The "instructions" coded into emails that inform devices and email clients (apps / programs) about how an email should look/behave rely on a CSS feature called media queries. If the email program being used by an email recipient doesn't support media queries, then that email program won't respect any instructions coded into the email about email formatting/responsiveness. 

Support for media queries varies by email apps/programs. In some cases, even though an email client doesn't support media queries, it might still have its own proprietary mechanism for trying to render an email in the "best looking way" that it can (including things like increasing font size to a readable size, etc.).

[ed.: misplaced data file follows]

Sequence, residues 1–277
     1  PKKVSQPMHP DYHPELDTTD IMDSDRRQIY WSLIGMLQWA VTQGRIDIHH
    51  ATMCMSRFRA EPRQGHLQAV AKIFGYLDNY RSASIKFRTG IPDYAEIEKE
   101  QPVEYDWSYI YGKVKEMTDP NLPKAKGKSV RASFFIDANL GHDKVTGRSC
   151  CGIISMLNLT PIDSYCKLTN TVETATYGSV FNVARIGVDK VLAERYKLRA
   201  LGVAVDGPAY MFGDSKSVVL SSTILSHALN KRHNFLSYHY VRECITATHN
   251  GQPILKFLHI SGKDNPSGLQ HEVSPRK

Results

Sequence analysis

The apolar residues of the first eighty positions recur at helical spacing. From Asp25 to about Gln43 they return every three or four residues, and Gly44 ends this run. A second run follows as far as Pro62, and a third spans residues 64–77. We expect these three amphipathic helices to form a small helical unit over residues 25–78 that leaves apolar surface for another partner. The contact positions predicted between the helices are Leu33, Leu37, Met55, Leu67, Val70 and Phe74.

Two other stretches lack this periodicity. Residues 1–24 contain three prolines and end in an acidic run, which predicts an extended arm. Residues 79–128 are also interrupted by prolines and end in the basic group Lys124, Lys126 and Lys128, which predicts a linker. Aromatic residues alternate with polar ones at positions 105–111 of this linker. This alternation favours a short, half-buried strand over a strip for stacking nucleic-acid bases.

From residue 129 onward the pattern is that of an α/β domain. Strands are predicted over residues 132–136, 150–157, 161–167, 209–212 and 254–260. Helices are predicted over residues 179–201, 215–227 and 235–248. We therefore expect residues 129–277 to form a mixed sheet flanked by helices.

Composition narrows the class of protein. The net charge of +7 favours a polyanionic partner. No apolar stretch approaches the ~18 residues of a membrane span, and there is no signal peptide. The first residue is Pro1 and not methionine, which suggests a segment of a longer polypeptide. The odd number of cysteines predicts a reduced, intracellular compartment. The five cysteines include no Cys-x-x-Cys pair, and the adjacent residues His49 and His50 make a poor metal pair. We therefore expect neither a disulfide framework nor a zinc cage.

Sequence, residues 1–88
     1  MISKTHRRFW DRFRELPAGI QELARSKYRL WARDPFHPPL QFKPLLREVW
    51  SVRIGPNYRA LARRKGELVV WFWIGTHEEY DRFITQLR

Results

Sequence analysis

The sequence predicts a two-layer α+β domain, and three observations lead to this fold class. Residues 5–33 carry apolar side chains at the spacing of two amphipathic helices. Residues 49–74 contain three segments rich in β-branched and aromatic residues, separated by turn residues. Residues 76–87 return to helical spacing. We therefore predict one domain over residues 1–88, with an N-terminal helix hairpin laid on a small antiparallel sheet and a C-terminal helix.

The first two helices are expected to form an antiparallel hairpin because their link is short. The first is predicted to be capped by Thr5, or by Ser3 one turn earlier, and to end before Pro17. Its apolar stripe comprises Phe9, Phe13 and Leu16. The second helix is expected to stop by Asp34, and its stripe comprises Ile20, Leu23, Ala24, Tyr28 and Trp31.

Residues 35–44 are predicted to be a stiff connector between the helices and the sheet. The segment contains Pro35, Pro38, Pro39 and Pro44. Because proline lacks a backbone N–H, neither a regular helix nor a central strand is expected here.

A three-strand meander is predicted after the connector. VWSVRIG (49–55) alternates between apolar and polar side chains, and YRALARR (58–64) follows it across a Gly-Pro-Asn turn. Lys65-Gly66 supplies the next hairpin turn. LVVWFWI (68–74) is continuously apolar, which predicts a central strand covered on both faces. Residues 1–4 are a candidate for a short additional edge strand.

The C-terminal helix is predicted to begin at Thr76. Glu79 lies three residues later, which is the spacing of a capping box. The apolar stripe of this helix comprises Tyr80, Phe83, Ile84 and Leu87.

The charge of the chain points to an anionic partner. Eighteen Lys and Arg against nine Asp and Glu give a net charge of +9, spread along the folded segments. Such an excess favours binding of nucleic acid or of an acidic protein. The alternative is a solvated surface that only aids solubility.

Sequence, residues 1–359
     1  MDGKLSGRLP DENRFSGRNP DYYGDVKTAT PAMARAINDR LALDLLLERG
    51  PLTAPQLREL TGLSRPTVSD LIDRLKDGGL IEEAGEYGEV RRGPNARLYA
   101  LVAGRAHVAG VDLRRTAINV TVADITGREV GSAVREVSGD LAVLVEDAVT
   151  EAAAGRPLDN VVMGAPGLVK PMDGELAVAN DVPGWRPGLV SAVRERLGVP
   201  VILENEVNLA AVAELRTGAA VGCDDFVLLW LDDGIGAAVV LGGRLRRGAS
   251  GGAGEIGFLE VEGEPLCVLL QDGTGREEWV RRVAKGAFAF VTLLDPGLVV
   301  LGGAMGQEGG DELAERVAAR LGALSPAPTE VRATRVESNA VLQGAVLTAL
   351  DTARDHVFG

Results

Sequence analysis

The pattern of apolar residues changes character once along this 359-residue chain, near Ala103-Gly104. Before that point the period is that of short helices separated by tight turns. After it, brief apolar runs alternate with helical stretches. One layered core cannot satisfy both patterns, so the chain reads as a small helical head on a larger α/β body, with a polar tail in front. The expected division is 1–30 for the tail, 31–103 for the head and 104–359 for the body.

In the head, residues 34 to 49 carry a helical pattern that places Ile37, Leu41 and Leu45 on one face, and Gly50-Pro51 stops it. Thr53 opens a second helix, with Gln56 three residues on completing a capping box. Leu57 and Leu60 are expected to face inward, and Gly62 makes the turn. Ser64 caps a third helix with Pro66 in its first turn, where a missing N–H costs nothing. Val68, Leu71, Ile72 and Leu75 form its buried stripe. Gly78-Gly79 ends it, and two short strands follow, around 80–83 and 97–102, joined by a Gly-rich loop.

For further information regarding media queries and supported email clients, please visit​

To maximize compatibility, the following best practices are encouraged:
  1. Keep email layouts as simple as possible.
  2. Rely on table-based layouts instead of using complex CSS
  3. Take measures to allow "failing gracefully". For example, if you are using white text against a dark background image, if an email program fails to show the background image, the white text will likely be shown against a white background. To prevent this, set a background color for the HTML element that contains the text that is similar in color to the background image.
  4. If you choose to use CSS layouts and style, make sure to apply inline styles (i.e. the style attribute is applied inside the opening and closing <  > for the opening HTML element tag). Many email readers will ignore any CSS that's not presented inline.
  5. Once you have a base email design/layout that works consistently across most email readers, use that email design as a template from which to build other emails.

Refer to the following Knowledgebase article for other troubleshooting steps specific to Outlook Formatting Issues.